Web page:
Some dude in Russia, Anton Vanko, sees the disclosure on the news that Tony Stark (Robert Downey Jr.) is Iron Man. He starts building his own arc reactor, which is the thing that powers the Iron Man suit, so he can prove that Iron Man isn’t invincible.
Back in the US, Stark grows despondent and reckless when he realizes that he is dying because the reactor in his suit is poisoning him. He hands his massive company over to his assistant, Pepper Potts (Gwyneth Paltrow), and he starts having wild parties and doing stupid(er) things. He even decides to compete in the Monaco Grand Prix. During that race, however, he gets attacked by Vanko. Stark defeats Vanko, but Vanko attracts the attention of Stark’s rival Justin Hammer, who breaks Vanko out of jail so he can build a line of armored suits for his company.
Soon, Stark cures the problem of the arc reactor poisoning him. He then learns that Hammer has created heavily armed drones he intends to show off for the government, but Vanko arrives and they fight to end the movie.
Why I Liked This Movie
Hmm. Ok, stick with me. By and large, I’ve found that I like sequels better than originals in the “franchise” genre, i.e. the genre where “properties” are put on film with the hope of being able to milk an existing fan base through three or four movies and some spin-offs. The reason is simple. The first film in every franchise series is invariably an origin story, especially in the comic book universe, and origin stories suck. It’s in the sequel that the writers normally first get the chance to offer real stories.
What’s more, the Marvel universe is much more prone to interesting movies than the regular comic book fare because Marvel likes to delve into the heroes in the story and what makes them tick. That shifts a significant portion of the screen time from seeing useless CGI punches being tossed to seeing the writers make the characters interact. The end result of that is that the characters tend to be much more interesting, the dialog is less transactional (“I will stop you now”) and more about who these people are and how they interact, and you end up caring more for the characters.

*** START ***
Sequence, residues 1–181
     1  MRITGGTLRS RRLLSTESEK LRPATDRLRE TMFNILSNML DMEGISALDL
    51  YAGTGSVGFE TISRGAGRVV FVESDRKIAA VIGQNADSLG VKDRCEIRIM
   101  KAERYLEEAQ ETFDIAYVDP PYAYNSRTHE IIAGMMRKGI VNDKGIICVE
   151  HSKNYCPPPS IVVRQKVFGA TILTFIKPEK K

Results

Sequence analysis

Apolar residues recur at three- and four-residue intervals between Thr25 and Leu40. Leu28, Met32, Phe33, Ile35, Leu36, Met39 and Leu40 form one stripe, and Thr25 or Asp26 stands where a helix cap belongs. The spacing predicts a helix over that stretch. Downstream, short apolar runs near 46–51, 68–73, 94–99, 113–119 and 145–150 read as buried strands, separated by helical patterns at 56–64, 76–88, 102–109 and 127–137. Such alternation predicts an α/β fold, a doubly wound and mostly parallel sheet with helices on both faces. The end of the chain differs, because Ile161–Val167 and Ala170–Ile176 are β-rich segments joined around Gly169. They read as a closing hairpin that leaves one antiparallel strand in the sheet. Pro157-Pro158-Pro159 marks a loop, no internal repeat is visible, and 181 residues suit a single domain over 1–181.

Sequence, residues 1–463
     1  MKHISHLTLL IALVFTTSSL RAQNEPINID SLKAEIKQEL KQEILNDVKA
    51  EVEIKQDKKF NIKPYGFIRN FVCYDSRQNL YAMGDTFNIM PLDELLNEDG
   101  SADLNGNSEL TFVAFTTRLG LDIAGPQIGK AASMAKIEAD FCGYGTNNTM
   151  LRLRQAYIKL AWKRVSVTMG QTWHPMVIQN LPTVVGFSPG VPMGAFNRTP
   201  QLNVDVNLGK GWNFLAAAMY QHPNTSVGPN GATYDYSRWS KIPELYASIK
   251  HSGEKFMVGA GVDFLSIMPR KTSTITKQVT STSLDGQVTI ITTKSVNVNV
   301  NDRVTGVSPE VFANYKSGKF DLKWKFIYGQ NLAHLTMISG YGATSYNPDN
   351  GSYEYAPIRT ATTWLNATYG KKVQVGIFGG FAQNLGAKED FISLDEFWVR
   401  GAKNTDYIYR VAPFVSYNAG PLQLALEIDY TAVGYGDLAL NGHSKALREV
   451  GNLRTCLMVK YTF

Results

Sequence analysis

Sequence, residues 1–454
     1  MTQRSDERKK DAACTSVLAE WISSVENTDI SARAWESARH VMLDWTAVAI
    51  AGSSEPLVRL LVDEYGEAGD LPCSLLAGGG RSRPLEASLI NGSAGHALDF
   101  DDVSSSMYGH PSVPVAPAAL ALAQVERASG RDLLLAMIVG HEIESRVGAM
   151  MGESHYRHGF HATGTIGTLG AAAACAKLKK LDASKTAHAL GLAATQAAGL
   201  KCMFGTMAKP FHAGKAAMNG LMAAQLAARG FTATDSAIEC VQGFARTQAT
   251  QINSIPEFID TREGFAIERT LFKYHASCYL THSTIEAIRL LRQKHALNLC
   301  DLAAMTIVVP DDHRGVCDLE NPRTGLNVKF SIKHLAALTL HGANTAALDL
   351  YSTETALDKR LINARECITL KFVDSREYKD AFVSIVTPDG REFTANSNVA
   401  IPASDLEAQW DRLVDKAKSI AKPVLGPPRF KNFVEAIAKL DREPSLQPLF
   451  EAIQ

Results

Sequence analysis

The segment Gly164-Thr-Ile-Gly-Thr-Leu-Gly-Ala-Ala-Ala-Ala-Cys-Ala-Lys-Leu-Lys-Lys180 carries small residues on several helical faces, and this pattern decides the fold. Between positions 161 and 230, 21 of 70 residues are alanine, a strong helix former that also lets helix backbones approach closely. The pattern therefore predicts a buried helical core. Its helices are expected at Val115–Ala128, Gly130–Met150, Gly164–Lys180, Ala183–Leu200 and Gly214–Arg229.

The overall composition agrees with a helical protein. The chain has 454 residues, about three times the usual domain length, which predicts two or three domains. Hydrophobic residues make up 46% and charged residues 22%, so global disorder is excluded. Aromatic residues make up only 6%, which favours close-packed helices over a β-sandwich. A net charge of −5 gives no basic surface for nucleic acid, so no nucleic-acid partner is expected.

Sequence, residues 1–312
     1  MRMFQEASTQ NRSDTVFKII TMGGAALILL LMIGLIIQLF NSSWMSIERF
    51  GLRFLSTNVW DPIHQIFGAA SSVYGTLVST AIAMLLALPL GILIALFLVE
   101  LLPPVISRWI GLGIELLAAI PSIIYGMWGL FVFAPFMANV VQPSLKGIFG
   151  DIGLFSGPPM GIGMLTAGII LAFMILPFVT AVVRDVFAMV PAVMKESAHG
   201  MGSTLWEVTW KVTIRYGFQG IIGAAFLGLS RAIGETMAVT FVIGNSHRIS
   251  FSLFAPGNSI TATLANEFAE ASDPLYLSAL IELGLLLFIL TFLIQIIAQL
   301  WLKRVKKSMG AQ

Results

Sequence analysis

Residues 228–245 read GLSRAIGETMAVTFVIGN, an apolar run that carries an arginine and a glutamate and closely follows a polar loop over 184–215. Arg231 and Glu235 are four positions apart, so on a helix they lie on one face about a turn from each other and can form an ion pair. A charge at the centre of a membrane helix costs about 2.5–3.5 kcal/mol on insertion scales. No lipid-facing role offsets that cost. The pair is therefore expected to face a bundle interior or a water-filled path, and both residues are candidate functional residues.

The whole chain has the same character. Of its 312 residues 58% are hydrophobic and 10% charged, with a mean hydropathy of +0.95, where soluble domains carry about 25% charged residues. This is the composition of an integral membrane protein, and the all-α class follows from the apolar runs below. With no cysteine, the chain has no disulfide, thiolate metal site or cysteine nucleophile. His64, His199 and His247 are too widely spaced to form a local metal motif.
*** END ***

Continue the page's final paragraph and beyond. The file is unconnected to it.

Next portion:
Trust me, nothing spells “soul death” like watching Superman trade punches with another cardboard villain who can’t be harmed physically for forty f*cking minutes!!! Arggg! Fortunately, you will never find that in Marvel films (excluding the Hulk crapfests): “Hulk smash pixels until you slit your wrists with popcorn bucket!”
Paltrow is an excellent foil for Downey Jr. Cheadle evokes a lot of sympathy because you know he’s a good guy and he’s being held back by Downey’s irresponsibility. Johansson is hot... and is in this movie. Rockwell is slimy as Hammer and you really despise him. Even Vanko, who is rather clichéd, is enough of a brooding presence that you at least get a sense of menace whenever he is on screen – too often villains just prance around and act melodramatically; not so here.
All of this makes him a genuine contradiction and easily the most complex and unpredictable character ever written in the comic book film world... and Downey Jr. is 100% believable as him. In fact, thinking about it, I can’t imagine another actor who could handle this role. Most would try to hero-him-up and give him a secret pain which is keeping him from being perfect. Some would slacker him down into Van Wilder. Others simply would never present themselves as having a dark, a-hole side. And others would make him into manic depressive Batman who wants the world to die so its misery ends.
Only Downey Jr. can balance the good with the bad, the responsibility with the obnoxiousness, the self-pity with the nobility, and give us this unique Tony Stark. Only Downey Jr. revels in the complexity and doesn’t try to make Stark into a one-note antihero.
That is why I like this film.